Dating Tribes: Helpful or a Hindrance?
Somewhere within its last few updates, Grindr introduced a new feature that allows users to self-identify on profiles. With the addition of “Grindr Tribes,” members of the gay networking app now have the ability to classify themselves under 12 categories: Bear, Clean-Cut, Daddy, Discreet, Geek, Jock, Leather, Otter, Poz, Rugged, Trans, and Twink.
With last year's relaunch of Gay.com (from Here Media), users had already been doing the same with a function called "communities." On Gay.com, users can pick as many communities as they want. On Grindr, members can list as many as three tribes on their profiles, so if a man considers himself to be a clean-cut leather otter, all three groups can be selected.
Users can also choose not to self-identify with any tribe at all. In fact, based on my observations it seems there are more profiles that don’t have a Grindr Tribe listed than ones that do. For functionality purposes, it would appear that this is something to assist members with narrowing down search results — as if age, height, weight, body type, and ethnicity didn’t provide enough filtering options.
In the interest of research, I decided to engage with some Grindr members through the app to find out what they thought of these groups. (There’s no end to what I’ll do to get to the bottom of a story — no pun intended.) I got a mixed bag of responses, so I decided to list the most interesting ones below.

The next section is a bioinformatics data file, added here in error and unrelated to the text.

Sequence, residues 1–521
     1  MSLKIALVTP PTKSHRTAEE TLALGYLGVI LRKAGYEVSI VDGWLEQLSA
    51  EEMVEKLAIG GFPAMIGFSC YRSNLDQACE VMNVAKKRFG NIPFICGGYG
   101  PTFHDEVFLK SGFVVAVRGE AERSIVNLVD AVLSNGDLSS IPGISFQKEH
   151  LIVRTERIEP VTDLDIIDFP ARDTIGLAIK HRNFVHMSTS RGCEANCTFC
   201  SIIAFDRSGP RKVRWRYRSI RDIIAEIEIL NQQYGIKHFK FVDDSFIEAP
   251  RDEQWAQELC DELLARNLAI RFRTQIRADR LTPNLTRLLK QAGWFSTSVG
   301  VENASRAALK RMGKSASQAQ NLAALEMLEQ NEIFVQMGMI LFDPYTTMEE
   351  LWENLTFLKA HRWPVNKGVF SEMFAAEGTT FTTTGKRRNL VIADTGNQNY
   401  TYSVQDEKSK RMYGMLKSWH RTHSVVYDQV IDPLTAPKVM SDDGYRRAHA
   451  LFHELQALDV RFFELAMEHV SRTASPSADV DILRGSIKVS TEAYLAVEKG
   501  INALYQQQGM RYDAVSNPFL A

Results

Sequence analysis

"It’s good. It weeds out guys you wouldn’t be interested in."
"I think it’s silly and rarely use it. If there was a feature to associate another user through matches (similar to what Scruff has) I would like that."
"They need more … bisexual is not there."
"I like all different types, so a feature like this doesn’t help. If anything, it’s just another way for guys to filter each other out just based on appearance."
"I think it’s a great feature that helps a lot when one is looking for a specific kind of guy, not just anyone."
"A little closed-minded and doesn’t depict the many individuals who don’t fit into that 'role.'"
"I never really paid it any thought. I think it’s sort of irrelevant since people hit you up if they like your photo."
"It’s a novelty. Although it’s fun to give people more ways of identifying themselves."
"I don’t really care. Guys don’t read profiles anyway."
What are your thoughts on the Grindr Tribes? Post them in the comments.
JUSTIN HERNANDEZ writes about sex, dating, and relationships for The Advocate. Follow him on Twitter @HernandezJustin.